The SLPs filed by GBI and the Government of India, were heard together. Amongst other grounds, both SLPs challenge the power of the Indian income tax officers to question residency of a Mauritius entity since determination of such residency is the sovereign right of the Mauritius government. It is analogous to the issue of a passport of a foreign country, which unless forged should be taken as sufficient proof of citizenship.

Supreme Court order

After hearing both sides for several weeks the court finally pronounced its judgment on the 7th October 2003 reversing the order of the Delhi High Court. The rationale for the Supreme Court order in brief is as follows.

  • The charging section of the IT Act (sections 4 and 5) are made subject to the Act and therefore also to S. 90. The Agreement therefore prevails over the Income Tax statute. Unless the treaty gives away something which the Income Tax Act charged, the treaty would be meaningless.
  • The circular would prevail even over the IT Act as per the terms of S. 90(2) of the IT Act.
  • The circular falls within the provisions of the Section and is not ultra vires S. 119.
  • "If in the teeth of this clarification, the assessing officers chose to ignore the guidelines and spent their time, talent and energy on inconsequential matters, we think that the CBDT was justified in issuing ‘appropriate’ directions vide circular No. 789, under its powers under Section 119, to set things on course by eliminating avoidable wastage of time, talent and energy of the assessing officers discharging the onerous public duty of collection of revenue."
  • The argument that the treaty itself is beyond Section 90 of the Act "deserves short shrift" merely "on account of its susceptibility to treaty shopping on behalf of the residents of the third countries".
  • Liability to pay tax is not the same thing as actual payment of tax. Therefore one does not need to pay tax so long as one is liable to pay tax in Mauritius. "It is, therefore not possible for us to accept the contentions so strenuously urged on behalf of the respondents that avoidance of double taxation can arise only when tax is actually paid in one of the Contracting States."
  • Treaty shopping – "It is urged by the learned counsel for the appellants, and rightly in our view, that if it was intended that a national of a third State should be precluded from the benefits of the DTAC, then a suitable term of limitation to that effect should have been incorporated therein." The Mauritius treaty is contrasted with the Indo-American treaty which specifically provides for such a term. The court rhetorically asks (referring to third country residents) "can they be denied the benefit on some theoretical ground that treaty shopping is unethical and illegal?"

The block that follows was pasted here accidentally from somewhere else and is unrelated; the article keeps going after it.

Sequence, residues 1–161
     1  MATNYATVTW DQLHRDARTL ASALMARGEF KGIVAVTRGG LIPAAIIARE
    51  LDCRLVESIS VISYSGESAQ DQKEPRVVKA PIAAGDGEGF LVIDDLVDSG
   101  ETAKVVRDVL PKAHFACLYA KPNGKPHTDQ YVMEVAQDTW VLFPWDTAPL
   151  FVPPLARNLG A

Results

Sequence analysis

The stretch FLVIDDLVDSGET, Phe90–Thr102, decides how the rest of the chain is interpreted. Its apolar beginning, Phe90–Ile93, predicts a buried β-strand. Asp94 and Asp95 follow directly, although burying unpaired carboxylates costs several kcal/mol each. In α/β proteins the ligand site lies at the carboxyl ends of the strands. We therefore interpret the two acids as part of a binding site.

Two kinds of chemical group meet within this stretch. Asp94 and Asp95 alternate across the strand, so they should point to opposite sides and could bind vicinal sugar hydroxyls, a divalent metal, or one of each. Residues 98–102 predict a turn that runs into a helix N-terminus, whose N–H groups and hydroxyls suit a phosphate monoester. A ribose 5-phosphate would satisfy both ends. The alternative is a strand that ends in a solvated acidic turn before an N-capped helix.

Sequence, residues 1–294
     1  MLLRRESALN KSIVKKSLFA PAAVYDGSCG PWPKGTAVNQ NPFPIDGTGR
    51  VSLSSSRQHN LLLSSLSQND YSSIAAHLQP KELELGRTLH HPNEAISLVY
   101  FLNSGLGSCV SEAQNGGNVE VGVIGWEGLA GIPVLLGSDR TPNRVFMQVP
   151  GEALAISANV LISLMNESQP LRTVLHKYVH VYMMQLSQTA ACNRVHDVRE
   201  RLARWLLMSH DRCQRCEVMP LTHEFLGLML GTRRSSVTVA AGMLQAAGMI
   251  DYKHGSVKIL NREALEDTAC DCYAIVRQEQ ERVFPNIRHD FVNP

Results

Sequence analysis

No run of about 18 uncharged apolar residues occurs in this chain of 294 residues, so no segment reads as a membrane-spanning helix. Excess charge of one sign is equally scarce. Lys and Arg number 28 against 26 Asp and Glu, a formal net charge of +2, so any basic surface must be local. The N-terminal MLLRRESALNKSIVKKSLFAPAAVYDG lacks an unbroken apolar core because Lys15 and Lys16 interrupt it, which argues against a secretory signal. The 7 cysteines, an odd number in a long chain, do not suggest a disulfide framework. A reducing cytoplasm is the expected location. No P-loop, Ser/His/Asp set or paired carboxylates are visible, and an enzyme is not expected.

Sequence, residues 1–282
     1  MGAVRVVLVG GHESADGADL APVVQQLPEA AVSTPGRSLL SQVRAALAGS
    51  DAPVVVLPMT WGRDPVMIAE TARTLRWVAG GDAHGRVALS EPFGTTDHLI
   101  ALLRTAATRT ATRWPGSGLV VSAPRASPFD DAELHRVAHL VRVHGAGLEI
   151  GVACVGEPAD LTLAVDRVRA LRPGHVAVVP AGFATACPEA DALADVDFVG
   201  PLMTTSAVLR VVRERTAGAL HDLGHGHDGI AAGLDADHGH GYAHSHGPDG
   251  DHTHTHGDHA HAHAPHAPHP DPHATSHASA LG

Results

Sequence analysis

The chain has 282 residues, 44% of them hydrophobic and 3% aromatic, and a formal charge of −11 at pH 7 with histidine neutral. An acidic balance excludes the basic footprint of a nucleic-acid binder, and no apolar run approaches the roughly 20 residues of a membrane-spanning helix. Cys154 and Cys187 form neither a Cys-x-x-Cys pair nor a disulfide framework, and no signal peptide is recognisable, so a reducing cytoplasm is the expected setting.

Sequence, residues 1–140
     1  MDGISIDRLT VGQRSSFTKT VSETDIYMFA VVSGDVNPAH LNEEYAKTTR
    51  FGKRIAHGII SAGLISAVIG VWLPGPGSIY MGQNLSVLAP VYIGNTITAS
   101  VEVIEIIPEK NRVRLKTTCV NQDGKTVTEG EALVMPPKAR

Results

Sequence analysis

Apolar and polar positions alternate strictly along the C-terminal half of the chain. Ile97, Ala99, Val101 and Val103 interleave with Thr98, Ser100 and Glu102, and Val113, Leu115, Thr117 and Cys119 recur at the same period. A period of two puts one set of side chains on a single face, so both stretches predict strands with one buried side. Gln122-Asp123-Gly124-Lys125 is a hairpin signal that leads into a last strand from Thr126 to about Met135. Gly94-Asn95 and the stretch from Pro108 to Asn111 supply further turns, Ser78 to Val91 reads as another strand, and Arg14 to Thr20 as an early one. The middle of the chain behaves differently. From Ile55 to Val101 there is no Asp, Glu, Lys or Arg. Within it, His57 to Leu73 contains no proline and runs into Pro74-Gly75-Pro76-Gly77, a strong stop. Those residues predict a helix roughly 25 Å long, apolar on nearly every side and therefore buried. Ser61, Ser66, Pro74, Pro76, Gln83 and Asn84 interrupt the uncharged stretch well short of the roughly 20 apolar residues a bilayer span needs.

• The court states that if there are abuses such as reported by the Joint Parliamentary Committee of Indian residents misusing the treaty for manipulation of the stock market etc. then the legislature and the regulator are free to take appropriate steps.
  • Treaties are a result of political bargaining and there are several considerations behind entering into such agreements. "In developing countries, treaty shopping is often regarded as a tax incentive to attract scarce foreign capital or technology…In this respect, it does not differ much from other similar tax incentives given by them, such as tax holidays, grants, etc."
  • "The loss of tax revenues could be insignificant compared to the other non-tax benefits to their economy." Such practices might appear to be evil but "are tolerated in a developing economy, in the interest of long term development."
  • The court found that not every attempt at tax planning is illegitimate. Citing an authority the court endorsed "The legal right of a taxpayer to decrease the amount of what otherwise would be his taxes, or altogether to avoid them, by means which the law permits, cannot be doubted." The court should not be guided by the assessee’s real motive and must deal with what is tangible in an objective manner.
  • We are unable to agree with the submission that an act which is otherwise valid in law can be treated as non-est merely on the basis of some underlying motive supposedly resulting in some economic detriment or prejudice to the national interests, as perceived by the respondents.

The Court has thus endorsed the treaty and the circular and has refused to interfere in what is essentially a legislative and executive function.

PS. The Court’s use of Macbeth strategically and sardonically is amusing.

© P.H. Parekh & Co.